Chapter 30. The Kings Do Not Abide by Their Agreement


Then Grégóríús Dagsson sailed north to Kaupang and arrived there before Yule. King Ingi received him with great joy, and asked him to take anything of his possessions that he desired. King Eystein had burned down Grégóríús’ estate and slaughtered his livestock. But the boathouses which King Eystein the Elder had had built north in Kaupang, and which were most valuable possessions, were burned down that winter, together with some good ships belonging to King Ingi—a deed which caused much indignation and was attributed to King Eystein and Philippús Gyrtharson, the foster brother of King Sigurth.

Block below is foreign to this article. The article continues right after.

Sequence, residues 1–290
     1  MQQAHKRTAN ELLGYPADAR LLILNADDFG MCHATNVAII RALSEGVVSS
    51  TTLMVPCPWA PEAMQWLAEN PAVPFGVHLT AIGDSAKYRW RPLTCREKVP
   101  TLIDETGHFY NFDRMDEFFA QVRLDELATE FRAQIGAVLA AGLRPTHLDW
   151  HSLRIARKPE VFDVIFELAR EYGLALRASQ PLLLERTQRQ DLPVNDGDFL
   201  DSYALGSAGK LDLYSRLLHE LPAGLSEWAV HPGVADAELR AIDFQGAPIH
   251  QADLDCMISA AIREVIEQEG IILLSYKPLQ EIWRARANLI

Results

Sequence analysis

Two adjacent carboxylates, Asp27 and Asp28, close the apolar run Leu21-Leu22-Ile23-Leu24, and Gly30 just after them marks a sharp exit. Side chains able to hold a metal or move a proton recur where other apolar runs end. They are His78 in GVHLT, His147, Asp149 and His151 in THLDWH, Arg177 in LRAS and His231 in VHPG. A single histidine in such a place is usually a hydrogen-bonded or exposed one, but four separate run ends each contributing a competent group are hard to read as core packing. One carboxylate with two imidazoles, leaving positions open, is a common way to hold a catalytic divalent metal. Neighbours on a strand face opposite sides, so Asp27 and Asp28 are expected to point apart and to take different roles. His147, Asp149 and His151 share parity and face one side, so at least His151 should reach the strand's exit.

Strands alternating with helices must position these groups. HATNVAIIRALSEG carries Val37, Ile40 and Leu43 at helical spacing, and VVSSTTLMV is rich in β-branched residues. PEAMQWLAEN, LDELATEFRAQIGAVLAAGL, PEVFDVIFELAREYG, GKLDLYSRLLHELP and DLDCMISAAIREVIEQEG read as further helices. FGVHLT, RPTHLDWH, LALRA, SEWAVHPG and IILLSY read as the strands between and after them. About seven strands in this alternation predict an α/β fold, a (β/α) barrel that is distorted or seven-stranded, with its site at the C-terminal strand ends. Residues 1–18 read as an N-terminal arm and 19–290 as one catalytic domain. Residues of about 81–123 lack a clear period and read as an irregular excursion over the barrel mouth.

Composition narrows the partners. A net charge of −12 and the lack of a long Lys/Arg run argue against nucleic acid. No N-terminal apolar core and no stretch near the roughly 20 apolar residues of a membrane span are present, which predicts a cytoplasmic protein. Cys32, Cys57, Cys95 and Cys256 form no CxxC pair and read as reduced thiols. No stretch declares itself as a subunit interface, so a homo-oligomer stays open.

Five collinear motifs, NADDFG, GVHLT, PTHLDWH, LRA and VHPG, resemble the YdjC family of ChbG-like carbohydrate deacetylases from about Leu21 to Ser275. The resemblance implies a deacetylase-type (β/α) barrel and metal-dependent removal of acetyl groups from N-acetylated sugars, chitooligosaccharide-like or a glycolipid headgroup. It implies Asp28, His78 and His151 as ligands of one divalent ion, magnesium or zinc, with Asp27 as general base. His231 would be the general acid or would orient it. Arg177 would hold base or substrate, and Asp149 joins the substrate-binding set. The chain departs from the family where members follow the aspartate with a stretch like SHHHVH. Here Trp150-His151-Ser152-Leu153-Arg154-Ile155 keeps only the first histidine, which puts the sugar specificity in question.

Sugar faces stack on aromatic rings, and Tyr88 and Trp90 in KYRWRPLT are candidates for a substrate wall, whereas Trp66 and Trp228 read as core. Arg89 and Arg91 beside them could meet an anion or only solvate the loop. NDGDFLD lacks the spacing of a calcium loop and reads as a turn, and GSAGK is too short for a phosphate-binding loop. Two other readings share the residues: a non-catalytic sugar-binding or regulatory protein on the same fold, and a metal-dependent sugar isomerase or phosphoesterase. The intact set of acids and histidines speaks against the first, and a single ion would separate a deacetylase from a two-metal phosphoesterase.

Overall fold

The summer after, King Ingi sailed south with a great fleet, and King Eystein from the east, also collecting together a force. They met by the Sel Islands north [west] of Cape Lithandisness, King Ingi having much the larger force. They were on the point of doing battle but came to an agreement by which Eystein was to pay forty-five marks in gold. Of these, King Ingi was to have thirty marks because Eystein had instigated the burning of the ships and of the boathouses. Then, Philippús was to be outlawed, as well as all those who had been connected with the burning of the ships. [On the other hand] the men guilty of striking down King Sigurth were also to be outlawed, because King Eystein accused King Ingi of sheltering them, while Grégóríús was to have fifteen marks for the damage King Eystein had done him in burning down his estate.